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Nature seems dead, and wicked dreams abuse
The curtain'd sleep; now witchcraft celebrates
Pale Hecate's offerings; and wither'd murder,
Alarum'd by his sentinel, the wolf,
Whose howl's his watch, thus with his stealthy

With Tarquin's ravishing strides,

ravishing strides, towards his

design Moves like a ghost. -Thou sure and firm-set

earth, Hear not my steps, which way they walk, for fear Thy very stones prate of my

where-about, And take the present horror from the time, Which now suits with it. 4-Whiles I threat, he

lives; Words to the heat of deeds too cold breath gives.

[ A bell rings.

Now o'er the one half world Nature seems dead,] That is, over our hemisphere all action and motion seem to have coased. This image, which is, perhaps, the most striking that poetry can produce, has been adopted by Dryden, in his Conquest of Alexico:

“ All things are hush'd as Nature's self lay dead,
The mountains seem to nod their drowsy head;
“ The little birds in dreams their songs repeat,
" And sleeping flow’rs beneath the night dews sweat.

“ Even lust and envy sleep!” These lines, though so well known, I have transcribed, that the contrast between them and this passage of Shakspeare may be more accurately observed.

Night is described by two great poets, but one describes a night of quiet, the other of perturbation. In the night of Dryden, all the disturbers of the world are laid asleep; in that of Shakspeare, nothing but sorcery, lust, and murder, is awake. He that reads Dryden, finds himself lulled with serenity, and disposed to solitude and contemplation. He that peruses Shakspeare, looks round alarmed, and starts to find himself alone. One is the night of a lover; the other, of a murderer. JOHNSON. 4 And take the present horror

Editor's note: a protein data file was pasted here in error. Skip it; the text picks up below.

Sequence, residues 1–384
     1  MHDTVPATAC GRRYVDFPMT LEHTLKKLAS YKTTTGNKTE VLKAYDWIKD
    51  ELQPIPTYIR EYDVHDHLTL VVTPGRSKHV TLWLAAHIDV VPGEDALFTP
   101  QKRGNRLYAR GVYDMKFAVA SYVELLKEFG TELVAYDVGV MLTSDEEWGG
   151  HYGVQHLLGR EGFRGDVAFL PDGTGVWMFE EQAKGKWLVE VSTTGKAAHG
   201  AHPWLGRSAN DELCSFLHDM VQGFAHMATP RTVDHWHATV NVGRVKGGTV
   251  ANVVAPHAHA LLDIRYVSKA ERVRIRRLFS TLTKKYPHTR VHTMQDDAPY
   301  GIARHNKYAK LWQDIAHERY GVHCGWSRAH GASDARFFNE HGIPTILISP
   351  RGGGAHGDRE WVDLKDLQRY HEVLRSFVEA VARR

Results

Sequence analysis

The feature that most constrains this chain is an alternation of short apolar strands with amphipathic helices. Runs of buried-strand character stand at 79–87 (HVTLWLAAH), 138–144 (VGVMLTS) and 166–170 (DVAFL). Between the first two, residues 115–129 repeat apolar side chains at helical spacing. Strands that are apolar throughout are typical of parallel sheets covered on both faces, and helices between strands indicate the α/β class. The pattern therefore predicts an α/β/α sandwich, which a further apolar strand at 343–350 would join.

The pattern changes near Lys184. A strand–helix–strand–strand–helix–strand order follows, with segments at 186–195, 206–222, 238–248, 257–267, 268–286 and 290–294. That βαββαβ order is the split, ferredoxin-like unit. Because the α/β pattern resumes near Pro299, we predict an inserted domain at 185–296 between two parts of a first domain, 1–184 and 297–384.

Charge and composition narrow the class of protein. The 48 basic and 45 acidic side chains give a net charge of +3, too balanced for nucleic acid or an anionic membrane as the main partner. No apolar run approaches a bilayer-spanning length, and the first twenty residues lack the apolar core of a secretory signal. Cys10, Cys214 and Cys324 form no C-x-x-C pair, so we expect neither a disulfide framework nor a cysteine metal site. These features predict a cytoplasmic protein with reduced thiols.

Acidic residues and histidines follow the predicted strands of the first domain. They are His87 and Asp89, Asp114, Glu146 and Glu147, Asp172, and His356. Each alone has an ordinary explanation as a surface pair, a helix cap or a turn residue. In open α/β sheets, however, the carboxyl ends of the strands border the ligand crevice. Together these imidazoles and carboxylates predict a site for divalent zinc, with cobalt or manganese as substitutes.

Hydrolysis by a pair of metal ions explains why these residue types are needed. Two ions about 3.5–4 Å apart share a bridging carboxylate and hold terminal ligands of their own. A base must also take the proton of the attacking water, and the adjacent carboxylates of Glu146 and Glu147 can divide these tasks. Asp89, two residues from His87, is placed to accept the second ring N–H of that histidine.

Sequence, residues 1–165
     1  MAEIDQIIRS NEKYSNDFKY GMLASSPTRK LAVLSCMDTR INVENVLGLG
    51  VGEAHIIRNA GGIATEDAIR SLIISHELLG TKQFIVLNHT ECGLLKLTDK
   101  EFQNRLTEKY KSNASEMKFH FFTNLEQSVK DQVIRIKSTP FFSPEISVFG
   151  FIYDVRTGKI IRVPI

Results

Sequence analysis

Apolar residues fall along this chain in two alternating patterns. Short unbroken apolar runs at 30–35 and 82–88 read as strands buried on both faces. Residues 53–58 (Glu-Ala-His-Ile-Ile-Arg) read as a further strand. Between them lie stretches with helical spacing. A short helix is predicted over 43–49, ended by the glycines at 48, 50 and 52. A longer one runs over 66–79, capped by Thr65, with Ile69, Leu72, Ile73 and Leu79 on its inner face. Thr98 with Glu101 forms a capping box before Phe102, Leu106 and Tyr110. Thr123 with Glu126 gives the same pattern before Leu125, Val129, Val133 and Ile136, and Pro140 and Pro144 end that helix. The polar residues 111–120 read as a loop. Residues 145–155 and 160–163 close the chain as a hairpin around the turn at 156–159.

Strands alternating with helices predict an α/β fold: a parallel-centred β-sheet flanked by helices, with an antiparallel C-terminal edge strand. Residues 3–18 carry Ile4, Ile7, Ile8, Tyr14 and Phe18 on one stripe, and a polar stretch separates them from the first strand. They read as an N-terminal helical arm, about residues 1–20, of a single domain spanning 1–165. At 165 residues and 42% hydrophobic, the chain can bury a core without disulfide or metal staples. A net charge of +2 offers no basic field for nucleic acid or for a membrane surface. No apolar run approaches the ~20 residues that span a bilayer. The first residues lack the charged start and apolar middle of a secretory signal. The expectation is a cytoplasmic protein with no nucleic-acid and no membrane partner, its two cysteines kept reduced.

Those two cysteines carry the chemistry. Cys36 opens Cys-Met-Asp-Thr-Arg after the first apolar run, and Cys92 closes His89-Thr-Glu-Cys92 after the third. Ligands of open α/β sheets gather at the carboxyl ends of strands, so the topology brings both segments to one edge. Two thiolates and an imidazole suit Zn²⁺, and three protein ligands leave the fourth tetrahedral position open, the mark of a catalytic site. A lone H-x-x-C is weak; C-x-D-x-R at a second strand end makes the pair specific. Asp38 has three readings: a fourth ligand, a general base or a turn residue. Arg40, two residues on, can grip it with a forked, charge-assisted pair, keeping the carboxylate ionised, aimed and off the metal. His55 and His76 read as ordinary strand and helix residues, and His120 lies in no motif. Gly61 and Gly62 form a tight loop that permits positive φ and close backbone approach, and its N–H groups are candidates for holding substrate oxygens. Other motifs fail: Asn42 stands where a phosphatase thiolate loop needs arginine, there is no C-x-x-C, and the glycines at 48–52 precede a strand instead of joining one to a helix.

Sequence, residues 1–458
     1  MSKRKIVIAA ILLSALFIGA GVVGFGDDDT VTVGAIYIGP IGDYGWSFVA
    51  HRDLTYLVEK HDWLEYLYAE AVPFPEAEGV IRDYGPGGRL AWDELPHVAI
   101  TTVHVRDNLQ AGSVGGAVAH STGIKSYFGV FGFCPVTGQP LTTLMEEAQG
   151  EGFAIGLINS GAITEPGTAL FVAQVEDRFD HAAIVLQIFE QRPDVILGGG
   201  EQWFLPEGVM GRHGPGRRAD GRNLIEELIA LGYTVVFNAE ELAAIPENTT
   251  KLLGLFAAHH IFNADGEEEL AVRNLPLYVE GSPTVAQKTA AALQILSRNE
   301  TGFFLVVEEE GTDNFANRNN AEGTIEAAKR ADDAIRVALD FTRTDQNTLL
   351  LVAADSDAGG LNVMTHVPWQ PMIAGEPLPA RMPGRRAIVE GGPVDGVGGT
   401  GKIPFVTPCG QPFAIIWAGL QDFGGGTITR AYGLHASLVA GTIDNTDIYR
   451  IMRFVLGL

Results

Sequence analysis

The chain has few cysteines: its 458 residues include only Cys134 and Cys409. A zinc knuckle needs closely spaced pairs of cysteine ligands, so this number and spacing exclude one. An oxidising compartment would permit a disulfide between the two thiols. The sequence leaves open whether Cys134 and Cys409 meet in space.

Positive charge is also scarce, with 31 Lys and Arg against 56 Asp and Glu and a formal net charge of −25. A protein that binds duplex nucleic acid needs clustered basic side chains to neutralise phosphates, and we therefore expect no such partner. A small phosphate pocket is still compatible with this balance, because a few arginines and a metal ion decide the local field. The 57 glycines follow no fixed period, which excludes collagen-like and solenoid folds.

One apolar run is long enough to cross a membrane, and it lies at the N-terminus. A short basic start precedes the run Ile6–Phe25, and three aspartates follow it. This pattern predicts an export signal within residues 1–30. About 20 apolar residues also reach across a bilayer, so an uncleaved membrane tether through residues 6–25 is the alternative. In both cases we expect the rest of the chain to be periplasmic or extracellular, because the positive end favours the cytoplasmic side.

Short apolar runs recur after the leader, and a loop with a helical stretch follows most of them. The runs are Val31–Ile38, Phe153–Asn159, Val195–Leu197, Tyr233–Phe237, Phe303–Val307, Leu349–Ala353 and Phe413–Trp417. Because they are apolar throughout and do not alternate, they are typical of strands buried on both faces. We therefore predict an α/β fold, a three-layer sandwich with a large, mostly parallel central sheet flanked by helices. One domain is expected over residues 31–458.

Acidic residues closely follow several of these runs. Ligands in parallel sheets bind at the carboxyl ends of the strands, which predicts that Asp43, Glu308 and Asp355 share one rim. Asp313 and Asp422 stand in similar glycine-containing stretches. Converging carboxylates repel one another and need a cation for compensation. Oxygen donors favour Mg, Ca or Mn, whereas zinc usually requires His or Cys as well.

from the time, Which now suits with it.] i. e. lest the noise from the stones

I go, and it is done; the bell invites me.
Hear it not, Duncan; for it is a knell
That summons thee to heaven, or to hell.



The sume.

Enter Lady Macbeth. Lady M. That which hath made them drunk,

hath made me bold: What hath quench'd them, hath given me fire:

Hark!--Peace! It was the owl that shriek’d, the fatal bellman, Which gives the stern'st good-night. He is about it: The doors are open; and the surfeited grooms Do mock their charge with snores: I have drugg'd

their possets,

That death and nature do contend about them,
Whether they live, or die.

Macb. [Within.) Who's there?-what, ho!

Lady M. Alack! I am afraid they have awak’d, And ’tis not done:—the attempt, and not the deed, Confounds us:--Hark!-I laid their daggers ready, He could not miss them.-Had he not resembled My father as he slept, I had done't.—My husband?

take away from this midnight season that present horror which suits so well with what is going to be acted in it. What was the horror he means ? Silence, than which nothing can be more horrid to the perpetrator of an atrocious design. This shows a great knowledge of human nature. WARBURTON.

Whiles I threat, he lives; Words to the heat of deeds too cold breath gives.] Here is dently a false concord; but it must not be corrected, for it is necessary to the rhyme. Nor is this the only place in which Shakspeare has sacrificed grammar to rhyme.




Macb. I have done the deed :-Didst thou not

hear a noise? Lady M. I heard the owl scream, and the crick

ets cry:

Did not you speak?

Lady M.


As I descended
Lady M. Ay.

Macb. Hark!-
Who lies i'the second chamber?
Lady M.

Macb. This is a sorry sight.

[Looking on his hands. Lady M. A foolish thought, to say a sorry sight. Macb. There's one did laugh in his sleep, and one

cried, murder! That they did wake each other; I stood and heard

them: But they did say


prayers, and address’d them Again to sleep